When we were little, the same thing happened to us. We were taught that there are parts of us that aren’t acceptable (you’re too silly, too shy, too geeky, too quirky, too bold, sing too loud, aren’t grateful, want too much, are too much, etc.).
We learned to reject parts of ourselves to be accepted by our primary caregivers—we learned that in order to feel that love, we need to act the way that makes us most lovable.
Even if you would never, ever, in a million years stop loving your child no matter what he or she does, it’s possible that little messages you send are being perceived by your little one as conditional love: “I will love you more if you stop doing x or start doing y.”
OUR RELATIONSHIP WITH THEM IS IMPACTED
Ultimately, we create disconnection in our relationship. Which is the opposite of what we want.
So how do we show unconditional love? How do we rebuild the connection?
TODAY TRY THESE 4 THINGS:
1 – Bite your tongue. When you want to criticize, stop and find something you love about your child to focus on. Spend time really inquiring into why this behavior bothers you so much.
2 – Separate the behavior from the child. Instead of: “You’re such a slob. Why can’t you put your clothes in the hamper?”, talk neutrally only about the behavior (the clothes belong in the hamper or please put your clothes in the hamper). I know it’s tough, especially when you feel like you're constantly reminding your child about something. But try. Stop, get calm, say what you need to say about the behavior.
3 – Avoid labeling. Labels (slob, shy, lazy, athletic, funny, soooo kind, an “A student”, forgetful, too loud, too quiet, genius, wild, quiet, musical, clumsy, smart, chatty, class clown) can stick and potentially keep our kids from becoming who they really are. And sometimes they aren’t really accurate – perhaps they are own projections, based on our interpretations and fears. If it’s a “negative” trait, get curious about why this trait bothers you, what are you worried about if they behave in that way? If it’s a more positive trait, get curious why it’s so important to you that your child be [trait]. Labels limit us from seeing the real and unique child in front of us – their complex, changing, contradictory, multidimensional little selves. And they limit them from BEING their full selves and from changing and evolving because they feel confined by the limitations of the label.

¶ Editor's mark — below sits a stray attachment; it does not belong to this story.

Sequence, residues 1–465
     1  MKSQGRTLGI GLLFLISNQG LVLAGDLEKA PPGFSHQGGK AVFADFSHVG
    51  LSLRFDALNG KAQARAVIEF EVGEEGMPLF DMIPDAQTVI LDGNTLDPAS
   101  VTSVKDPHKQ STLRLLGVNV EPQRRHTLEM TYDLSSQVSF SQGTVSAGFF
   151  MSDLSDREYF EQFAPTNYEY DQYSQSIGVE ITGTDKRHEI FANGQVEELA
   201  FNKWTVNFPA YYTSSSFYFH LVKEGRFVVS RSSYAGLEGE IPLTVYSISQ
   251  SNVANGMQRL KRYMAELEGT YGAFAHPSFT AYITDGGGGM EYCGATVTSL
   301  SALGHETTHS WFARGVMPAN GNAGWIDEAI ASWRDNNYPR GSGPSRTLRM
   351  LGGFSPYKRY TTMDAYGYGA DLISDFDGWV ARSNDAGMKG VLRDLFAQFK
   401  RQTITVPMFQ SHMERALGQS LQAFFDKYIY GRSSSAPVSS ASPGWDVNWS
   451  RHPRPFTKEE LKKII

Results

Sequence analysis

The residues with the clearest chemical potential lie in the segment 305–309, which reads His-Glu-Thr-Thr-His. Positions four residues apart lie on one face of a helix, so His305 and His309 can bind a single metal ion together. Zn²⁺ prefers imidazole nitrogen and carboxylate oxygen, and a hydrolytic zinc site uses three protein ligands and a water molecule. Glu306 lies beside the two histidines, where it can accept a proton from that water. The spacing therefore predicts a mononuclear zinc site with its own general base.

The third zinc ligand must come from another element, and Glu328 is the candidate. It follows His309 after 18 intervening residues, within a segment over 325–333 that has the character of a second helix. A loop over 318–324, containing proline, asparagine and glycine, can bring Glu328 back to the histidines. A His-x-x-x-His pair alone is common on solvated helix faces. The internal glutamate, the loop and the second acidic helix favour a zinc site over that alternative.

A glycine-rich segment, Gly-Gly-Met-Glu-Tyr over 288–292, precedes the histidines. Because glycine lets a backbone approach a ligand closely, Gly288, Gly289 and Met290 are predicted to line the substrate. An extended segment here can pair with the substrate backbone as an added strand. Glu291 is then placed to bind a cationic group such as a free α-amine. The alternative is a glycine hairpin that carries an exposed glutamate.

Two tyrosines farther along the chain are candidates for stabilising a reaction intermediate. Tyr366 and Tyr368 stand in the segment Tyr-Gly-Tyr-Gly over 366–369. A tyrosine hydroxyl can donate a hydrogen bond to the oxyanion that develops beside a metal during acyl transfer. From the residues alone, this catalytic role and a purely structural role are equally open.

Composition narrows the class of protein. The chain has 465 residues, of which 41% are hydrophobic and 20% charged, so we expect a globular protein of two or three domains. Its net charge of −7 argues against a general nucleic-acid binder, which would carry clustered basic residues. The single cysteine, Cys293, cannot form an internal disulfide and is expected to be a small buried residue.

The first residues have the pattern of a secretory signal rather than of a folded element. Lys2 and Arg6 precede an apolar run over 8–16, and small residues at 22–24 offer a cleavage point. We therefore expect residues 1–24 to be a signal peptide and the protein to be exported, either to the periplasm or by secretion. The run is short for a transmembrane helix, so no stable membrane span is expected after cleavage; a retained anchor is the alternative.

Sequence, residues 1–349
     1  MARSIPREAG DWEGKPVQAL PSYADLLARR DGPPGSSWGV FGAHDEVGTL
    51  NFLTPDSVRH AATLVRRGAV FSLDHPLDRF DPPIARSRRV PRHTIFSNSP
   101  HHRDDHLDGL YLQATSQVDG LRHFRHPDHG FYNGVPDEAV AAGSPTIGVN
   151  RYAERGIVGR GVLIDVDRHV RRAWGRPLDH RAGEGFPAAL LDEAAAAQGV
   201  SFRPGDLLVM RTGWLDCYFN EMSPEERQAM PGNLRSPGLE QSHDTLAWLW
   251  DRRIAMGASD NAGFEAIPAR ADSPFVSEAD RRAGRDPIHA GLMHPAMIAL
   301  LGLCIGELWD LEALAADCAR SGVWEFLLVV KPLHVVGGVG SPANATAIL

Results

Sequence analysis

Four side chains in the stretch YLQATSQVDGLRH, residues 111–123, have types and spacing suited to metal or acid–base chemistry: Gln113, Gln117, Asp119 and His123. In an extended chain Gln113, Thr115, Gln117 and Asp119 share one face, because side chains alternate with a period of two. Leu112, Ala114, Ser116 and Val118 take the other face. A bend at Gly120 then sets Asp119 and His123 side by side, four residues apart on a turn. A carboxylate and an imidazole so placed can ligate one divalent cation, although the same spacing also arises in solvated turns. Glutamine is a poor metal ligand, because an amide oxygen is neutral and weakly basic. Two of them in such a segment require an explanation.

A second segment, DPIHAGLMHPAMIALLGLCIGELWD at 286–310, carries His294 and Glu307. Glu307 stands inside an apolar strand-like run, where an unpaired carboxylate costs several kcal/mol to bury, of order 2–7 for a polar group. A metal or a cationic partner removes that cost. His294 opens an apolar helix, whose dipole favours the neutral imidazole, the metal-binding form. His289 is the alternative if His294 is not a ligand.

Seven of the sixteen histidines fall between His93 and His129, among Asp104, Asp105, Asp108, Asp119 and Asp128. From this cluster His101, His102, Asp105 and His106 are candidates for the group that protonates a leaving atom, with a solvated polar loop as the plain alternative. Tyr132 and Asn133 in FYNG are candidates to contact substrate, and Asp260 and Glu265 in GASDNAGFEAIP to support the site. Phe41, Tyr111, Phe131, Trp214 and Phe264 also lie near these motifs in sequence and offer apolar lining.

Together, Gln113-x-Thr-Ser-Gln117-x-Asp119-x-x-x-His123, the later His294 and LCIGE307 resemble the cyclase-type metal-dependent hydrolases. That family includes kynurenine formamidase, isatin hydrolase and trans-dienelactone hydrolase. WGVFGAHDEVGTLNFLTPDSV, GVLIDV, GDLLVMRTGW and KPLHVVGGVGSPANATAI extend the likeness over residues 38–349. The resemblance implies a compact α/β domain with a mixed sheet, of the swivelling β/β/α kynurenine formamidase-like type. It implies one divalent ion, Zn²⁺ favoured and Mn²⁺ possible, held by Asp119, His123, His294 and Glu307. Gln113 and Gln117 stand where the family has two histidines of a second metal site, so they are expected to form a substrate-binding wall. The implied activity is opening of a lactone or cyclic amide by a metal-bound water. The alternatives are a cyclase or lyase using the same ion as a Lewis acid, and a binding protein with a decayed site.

4 – Make time to be present. Our kids want time with us more than they say they do. This week, find 5 minutes free from distractions. In this time, put aside your preconceived notions of who your child is and pretend you are just meeting him or her. Each time see if you can learn something new about your ever-changing child. Perhaps sit down while they're watching a video and ask them what kind of videos they most like on YouTube. Ask them to teach you to play a game. Jump on the trampoline. Walk the dog. Eat ice cream. Get curious.
WANT TO GO DEEPER? Here are the Parents' Inner Work Insights:
Here’s a bigger stretch goal – accept and love yourself unconditionally. This does NOT mean that we don’t expect more from ourselves. But we don’t do better because we beat ourselves up. Face it, we’re all imperfect humans. If we can practice accepting the things about ourselves that we don’t like, it will naturally get easier to accept those things in our kids. I know this is edgy. Let’s say they’re lying. I’m not suggesting that we accept their dishonesty. Rather, I’d like us to really examine our relationship with lying before we get into it with them. The truth is that most people lie (even you!). Even if it's those little white lies, we still seem to be able to rationalize our little lies. We often lie to ourselves. And sometimes we even tell bigger lies.
Can we honor the impulse to lie? Who hasn’t felt that impulse to defend ourselves with a lie?
When we feel ready to talk to them about lying, we may want to start by acknowledging that it's normal to feel the impulse to lie, but we must practice being honest so that we can have a good relationship based on trust. That’s the nuance. We don’t make our kids “wrong” for feeling the impulse to lie...we help them see the benefits of not lying and guide them to making better choices. It’s not that we don’t expect more – we just bring more conscious awareness to the discussion. We stop reacting with judgment and instead do our own inquiry into our judgments and begin guiding with mindfulness and self-awareness.